Weather: Our visit was in January 2019, the peak summer month of the year for the Southern Hemisphere. It was 75-80 degrees and sunny each day with periods of torrential downpour rain. The rain didn’t last long and was off and on two or three times each day and night. I’d even call it refreshing at times. The island has great breezes and winds, so we weren’t uncomfortable with no air conditioning. None of the accommodations in Rapa Nui have A/C. Well a few, but as a rule there are none. Just remember sunscreen, sunscreen, sunscreen. The UV index was ”11+” on the posted range of 1 to 10. You could feel yourself starting to burn each day. Reapply sunscreen a couple of times a day. If you need to buy it there, it is sold only in the pharmacy. That’s the green “Cruze Verde” building located in the center of Hanga Roa on the main road.
Tour vs. Exploring: I’m a tour type person. Something about being show around is welcoming. We bought and paid for a group tour on Day 3 of our visit but wound up not going on it. After getting a start without the tour that last morning, we realized taking our ATVs around to explore independently was a much better option. The tour isn’t going to tell you much you can’t read on Wikipedia and it’s full of people, so you’re stuck being shuttled from Maoi site to Maoi site on a bus and subject to their timeline.
By Day 3, we felt comfortable showing ourselves around. It’s hard to get lost when there is only one primary ring road around the island. Using your own ATV to get around was much more freeing. We would see a couple of tour busses at a place and just pass by it, waiting for them to clear out later so we could go back and have it for ourselves. It worked out perfect.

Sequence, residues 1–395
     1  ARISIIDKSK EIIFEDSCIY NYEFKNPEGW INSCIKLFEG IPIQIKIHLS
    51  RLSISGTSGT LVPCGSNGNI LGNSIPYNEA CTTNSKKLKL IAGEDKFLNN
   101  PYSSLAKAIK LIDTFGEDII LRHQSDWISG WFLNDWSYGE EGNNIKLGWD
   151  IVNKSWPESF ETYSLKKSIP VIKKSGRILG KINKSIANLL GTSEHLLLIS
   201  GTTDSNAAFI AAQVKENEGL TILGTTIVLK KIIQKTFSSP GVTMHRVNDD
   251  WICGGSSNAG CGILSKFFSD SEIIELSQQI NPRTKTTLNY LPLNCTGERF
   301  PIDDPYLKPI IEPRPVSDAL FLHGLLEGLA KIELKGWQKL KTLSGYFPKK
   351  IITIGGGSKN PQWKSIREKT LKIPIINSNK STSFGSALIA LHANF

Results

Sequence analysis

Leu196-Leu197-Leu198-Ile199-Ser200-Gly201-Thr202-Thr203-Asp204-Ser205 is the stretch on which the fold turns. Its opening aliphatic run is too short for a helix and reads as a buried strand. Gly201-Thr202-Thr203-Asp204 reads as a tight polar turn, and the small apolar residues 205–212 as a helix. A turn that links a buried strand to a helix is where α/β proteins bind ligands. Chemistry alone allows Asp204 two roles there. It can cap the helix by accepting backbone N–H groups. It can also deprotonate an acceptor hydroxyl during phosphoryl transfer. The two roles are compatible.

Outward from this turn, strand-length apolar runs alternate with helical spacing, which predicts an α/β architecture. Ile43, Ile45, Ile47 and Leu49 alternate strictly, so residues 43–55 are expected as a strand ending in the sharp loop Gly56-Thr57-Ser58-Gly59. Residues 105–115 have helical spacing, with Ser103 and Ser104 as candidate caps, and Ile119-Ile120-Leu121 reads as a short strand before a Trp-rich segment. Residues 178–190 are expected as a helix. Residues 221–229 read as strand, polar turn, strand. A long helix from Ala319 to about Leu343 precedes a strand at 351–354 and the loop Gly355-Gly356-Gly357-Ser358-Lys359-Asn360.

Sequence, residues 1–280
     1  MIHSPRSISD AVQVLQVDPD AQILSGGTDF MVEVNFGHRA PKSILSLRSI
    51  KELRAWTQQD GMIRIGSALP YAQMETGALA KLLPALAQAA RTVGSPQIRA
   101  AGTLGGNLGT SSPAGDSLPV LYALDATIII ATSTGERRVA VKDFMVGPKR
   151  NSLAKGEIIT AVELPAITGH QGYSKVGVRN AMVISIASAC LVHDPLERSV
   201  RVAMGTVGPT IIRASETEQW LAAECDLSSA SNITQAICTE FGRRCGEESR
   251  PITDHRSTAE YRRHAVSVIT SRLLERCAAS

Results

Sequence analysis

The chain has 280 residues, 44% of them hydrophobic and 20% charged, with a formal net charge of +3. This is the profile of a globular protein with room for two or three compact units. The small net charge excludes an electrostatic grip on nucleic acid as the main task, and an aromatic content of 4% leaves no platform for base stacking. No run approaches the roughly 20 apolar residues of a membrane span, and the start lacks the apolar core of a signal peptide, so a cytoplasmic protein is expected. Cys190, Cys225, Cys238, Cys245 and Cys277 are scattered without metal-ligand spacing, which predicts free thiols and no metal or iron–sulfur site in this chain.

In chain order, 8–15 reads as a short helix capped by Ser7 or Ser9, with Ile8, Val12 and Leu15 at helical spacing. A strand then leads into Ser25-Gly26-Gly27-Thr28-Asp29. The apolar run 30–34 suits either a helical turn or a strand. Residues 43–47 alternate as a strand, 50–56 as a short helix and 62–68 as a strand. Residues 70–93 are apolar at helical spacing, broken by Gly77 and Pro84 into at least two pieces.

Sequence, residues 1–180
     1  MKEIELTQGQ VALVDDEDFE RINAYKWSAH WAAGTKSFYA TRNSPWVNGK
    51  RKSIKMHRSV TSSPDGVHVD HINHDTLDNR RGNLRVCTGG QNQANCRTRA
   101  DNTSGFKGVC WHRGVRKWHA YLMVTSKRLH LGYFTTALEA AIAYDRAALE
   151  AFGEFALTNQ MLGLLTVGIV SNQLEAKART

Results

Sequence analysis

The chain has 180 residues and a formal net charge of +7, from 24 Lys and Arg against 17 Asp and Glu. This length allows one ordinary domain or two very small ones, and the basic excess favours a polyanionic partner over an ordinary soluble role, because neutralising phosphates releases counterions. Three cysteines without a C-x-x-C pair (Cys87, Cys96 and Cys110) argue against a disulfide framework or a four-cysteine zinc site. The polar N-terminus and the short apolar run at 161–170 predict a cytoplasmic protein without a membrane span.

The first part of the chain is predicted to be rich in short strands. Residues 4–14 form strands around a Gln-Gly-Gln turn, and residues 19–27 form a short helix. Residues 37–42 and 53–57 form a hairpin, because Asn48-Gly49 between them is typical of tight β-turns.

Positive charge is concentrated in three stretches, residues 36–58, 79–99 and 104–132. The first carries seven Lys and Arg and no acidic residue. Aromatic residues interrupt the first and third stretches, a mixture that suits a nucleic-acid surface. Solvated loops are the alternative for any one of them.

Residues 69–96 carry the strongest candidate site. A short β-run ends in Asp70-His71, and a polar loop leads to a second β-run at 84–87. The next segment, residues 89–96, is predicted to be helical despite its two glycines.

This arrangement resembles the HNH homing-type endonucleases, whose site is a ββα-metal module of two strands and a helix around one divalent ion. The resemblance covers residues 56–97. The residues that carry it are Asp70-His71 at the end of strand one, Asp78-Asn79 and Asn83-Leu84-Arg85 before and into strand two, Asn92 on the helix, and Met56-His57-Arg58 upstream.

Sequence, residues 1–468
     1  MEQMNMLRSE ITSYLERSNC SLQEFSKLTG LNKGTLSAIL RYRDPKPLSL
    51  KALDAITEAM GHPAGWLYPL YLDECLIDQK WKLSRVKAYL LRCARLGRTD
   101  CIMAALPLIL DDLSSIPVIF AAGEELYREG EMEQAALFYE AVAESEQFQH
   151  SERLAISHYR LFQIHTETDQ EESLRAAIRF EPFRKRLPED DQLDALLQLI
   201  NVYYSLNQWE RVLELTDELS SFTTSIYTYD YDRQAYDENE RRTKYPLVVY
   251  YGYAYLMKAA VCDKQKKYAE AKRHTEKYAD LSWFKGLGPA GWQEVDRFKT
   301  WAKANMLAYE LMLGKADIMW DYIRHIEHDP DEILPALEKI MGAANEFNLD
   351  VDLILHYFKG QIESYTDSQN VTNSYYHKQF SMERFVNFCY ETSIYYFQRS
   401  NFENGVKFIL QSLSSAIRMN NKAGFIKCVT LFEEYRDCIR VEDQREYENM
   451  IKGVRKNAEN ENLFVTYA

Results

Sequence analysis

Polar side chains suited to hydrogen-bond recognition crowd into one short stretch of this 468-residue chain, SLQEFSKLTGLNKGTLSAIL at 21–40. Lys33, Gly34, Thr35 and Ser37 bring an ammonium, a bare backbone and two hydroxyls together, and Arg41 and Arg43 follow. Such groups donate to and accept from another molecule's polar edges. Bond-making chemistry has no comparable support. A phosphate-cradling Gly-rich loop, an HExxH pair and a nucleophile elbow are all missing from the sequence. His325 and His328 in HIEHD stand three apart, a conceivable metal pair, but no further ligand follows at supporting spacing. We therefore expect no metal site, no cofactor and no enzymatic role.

Language: You’re going to need rudimentary Spanish or at least travel with a person who does. Recall the sections above about lack of mobile data. If you’re going to rely on your phone for Google Translate, you need the app not the mobile site plus the off-line Spanish translation dictionary.
Yes, English is scattered throughout the island, but we got into a couple of tricky situations where people spoke less than conversational English and we needed to communicate with them with no other option but to use our Spanish. Keep this in mind.
Getting Around & Recommended Agenda
Ground Time: We did three entire days and think it was perfect. Not going too fast and not going too slow. You can chunk up the island in three equal parts, one for each of three days, and go through it at a perfect pace. Remember that there is a single flight daily from Santiago, so your schedule will look like this:
Day 1: Arrive at LATAM daily flight at 1 PM. Grab bags, get transportation to your hotel if they aren’t already picking you up with a sign and your name on it. Check-in your accommodations and get settled. Familiarize yourself with the layout of the town and make a quick trip to the market for snacks, water, and essentials. Hit the ATM as a handful of places require cash and you’ll need it in case the credit card networks are down. You’re in the middle of the Pacific – it happens. Head out to rent your vehicle of choice then find a nice sit-down place for dinner, followed by sunset watching at 9 PM with a crowd of people at a good viewpoint, and a little bit of late-day Wi-Fi before heading to sleep shortly thereafter.